Chemical composition, physicochemical and functional properties of lupin (Lupinus albus) seeds grown in Ethiopia|
Tizazu, H & Emire, S A.
White lupin (Lupinus albus) seeds collected from the local markets of Debretabor (DT) and Dembecha (DB) in Ethiopia were studied for their chemical composition, physicochemical and functional properties. Moisture, total ash, crude protein, crude fat, crude fiber and minerals were determined. Mean values for protein, crude fat, total carbohydrates, crude fiber, and crude ash content of the two samples were 40.22, 8.92, 47.73, 10.08 and 3.15 g/100g, respectively on dry weight basis. The mean values of minerals such as phosphorus, iron, zinc and calcium contents for the samples were 248.90, 12.51, 4.68 and 82.56 mg/100g, respectively on dry weight basis. There was significant difference (p < 0.05) on physicochemical properties such as seed mass, seed volume, hull content, hydration coefficient, swelling capacity, cooking time, and seed hardness. However, the mean diameter, bulk density, sphericity, water absorption, swelling coefficient and swelling index were not significantly different between the two lupin seed samples. There was strong positive correlation between calcium content and the cooking time of lupin. The lower calcium concentration leads to a better cook ability and shorter cooking time. Hardness was negatively correlated with water absorption, and positively correlated with cooking time of the lupin seed. The flour obtained from Dembecha lupins was found to be superior to that of Debretabor in terms of the foaming capacity and bulk density. Lupin flour from Debretabor exhibited significantly higher dispersibility and water absorption than Dembecha, while the oil absorption was practically the same for the two lupins. Furthermore, a relationship exists between a water absorption capacity and the least gelation concentration. The results of chemical composition, physicochemical and functional properties for both lupin samples indicated that lupins can be used as a raw material for various food products manufacturing and provide consistency in food processing, analogous to other food legumes. Therefore, the research findings can be used by food companies in recipe development of lupin-based processed foods, including fortified food products to combat the protein-energy malnutrition (PEM) problem in Ethiopia and other East African countries.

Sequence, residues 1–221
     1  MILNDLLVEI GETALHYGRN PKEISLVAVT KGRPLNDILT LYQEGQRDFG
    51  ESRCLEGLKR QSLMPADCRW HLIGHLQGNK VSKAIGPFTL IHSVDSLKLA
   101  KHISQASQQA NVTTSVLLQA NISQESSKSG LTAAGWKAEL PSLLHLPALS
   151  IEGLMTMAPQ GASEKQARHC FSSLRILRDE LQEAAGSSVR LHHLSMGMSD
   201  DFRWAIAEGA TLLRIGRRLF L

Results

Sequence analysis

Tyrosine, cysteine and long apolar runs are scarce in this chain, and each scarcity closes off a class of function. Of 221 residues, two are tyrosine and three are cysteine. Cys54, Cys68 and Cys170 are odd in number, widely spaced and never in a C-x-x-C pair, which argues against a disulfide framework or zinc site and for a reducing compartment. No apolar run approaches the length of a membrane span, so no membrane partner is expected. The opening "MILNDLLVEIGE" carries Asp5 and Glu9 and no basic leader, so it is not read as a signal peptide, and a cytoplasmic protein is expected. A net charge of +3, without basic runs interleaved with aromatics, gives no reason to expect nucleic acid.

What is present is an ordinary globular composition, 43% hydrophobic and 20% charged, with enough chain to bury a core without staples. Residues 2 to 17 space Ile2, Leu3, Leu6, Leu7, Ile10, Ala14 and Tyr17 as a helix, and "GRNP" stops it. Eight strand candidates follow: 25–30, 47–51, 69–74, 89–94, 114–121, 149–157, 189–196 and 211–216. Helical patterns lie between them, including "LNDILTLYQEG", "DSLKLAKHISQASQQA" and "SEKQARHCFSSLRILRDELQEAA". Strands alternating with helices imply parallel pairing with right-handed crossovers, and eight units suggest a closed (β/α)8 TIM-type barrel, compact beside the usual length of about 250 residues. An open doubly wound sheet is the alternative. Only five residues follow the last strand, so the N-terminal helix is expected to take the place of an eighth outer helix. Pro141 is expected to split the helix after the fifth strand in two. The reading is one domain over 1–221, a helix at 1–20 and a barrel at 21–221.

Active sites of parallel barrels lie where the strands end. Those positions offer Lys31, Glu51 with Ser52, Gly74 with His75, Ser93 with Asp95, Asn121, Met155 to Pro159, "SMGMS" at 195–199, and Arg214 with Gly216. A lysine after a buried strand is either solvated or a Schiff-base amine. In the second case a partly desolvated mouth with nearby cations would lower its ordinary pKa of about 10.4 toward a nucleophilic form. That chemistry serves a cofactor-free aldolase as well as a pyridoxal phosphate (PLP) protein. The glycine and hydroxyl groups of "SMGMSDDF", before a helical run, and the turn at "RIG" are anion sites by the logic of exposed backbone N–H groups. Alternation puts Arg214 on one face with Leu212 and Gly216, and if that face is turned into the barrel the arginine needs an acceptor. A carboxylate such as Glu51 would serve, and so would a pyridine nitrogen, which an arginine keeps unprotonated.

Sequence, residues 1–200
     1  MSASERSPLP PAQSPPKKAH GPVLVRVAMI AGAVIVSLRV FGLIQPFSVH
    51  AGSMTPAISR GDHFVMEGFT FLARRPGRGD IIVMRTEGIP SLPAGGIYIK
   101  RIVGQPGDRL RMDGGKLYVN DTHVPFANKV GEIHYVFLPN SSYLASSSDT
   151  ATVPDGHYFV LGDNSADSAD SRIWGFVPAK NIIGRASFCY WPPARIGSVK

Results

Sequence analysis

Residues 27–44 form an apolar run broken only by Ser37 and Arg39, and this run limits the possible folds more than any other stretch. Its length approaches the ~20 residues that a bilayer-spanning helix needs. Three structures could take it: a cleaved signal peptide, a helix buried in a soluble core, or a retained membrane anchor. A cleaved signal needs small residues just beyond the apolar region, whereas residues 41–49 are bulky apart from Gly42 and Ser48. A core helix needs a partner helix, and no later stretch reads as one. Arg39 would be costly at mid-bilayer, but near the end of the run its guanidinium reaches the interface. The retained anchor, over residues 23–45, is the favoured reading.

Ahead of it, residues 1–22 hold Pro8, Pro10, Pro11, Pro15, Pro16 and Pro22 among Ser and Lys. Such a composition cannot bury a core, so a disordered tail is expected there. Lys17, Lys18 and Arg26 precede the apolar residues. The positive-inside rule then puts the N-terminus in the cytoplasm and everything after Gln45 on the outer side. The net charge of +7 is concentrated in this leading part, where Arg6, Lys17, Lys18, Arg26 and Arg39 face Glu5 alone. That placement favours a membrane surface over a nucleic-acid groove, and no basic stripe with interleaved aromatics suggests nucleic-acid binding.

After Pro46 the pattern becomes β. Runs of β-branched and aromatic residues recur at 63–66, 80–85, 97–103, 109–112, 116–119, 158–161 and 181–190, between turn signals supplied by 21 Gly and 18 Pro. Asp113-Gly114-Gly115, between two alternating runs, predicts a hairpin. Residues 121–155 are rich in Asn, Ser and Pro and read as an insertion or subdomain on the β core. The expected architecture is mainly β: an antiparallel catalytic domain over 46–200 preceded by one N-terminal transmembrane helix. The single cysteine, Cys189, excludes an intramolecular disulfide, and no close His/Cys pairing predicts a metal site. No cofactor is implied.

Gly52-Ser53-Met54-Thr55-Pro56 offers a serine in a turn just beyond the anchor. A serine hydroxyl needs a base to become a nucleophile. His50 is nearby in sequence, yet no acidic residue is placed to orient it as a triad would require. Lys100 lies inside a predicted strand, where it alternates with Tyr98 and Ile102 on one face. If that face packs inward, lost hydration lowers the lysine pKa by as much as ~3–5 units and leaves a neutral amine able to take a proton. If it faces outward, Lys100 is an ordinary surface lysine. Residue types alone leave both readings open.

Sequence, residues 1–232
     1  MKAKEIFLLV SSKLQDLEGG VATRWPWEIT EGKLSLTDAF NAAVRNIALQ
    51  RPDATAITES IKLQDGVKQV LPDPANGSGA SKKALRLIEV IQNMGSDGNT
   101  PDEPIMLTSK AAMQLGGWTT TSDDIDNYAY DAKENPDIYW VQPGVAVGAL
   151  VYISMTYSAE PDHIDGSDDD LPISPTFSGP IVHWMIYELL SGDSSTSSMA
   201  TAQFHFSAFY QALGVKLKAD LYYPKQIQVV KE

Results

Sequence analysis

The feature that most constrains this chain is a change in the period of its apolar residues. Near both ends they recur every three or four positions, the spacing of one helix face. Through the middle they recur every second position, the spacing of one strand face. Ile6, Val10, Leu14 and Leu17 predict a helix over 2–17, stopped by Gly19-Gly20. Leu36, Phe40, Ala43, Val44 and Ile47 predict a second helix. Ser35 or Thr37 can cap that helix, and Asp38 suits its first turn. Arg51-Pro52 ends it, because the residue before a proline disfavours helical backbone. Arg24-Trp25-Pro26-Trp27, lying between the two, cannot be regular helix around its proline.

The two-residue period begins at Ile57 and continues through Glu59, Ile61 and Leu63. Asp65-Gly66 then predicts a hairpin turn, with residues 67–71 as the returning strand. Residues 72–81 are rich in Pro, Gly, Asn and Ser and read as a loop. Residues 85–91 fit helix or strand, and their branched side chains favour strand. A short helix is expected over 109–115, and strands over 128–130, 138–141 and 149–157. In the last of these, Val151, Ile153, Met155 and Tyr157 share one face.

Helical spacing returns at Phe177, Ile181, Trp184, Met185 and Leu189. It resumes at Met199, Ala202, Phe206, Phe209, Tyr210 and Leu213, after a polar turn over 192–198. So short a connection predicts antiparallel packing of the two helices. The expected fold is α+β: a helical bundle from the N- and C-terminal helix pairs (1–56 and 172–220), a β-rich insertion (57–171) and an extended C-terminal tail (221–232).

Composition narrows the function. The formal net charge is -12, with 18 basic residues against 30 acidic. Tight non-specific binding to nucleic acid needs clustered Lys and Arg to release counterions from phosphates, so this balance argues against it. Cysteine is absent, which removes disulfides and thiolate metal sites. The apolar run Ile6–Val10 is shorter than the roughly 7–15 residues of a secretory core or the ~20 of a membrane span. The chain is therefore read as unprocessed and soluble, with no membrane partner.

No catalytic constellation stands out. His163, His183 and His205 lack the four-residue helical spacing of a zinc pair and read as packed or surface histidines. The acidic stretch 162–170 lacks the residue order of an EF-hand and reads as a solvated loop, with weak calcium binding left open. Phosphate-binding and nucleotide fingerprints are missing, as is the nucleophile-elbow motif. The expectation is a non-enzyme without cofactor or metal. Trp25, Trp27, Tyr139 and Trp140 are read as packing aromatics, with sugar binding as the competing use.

Lupin, Chemical composition, Functional properties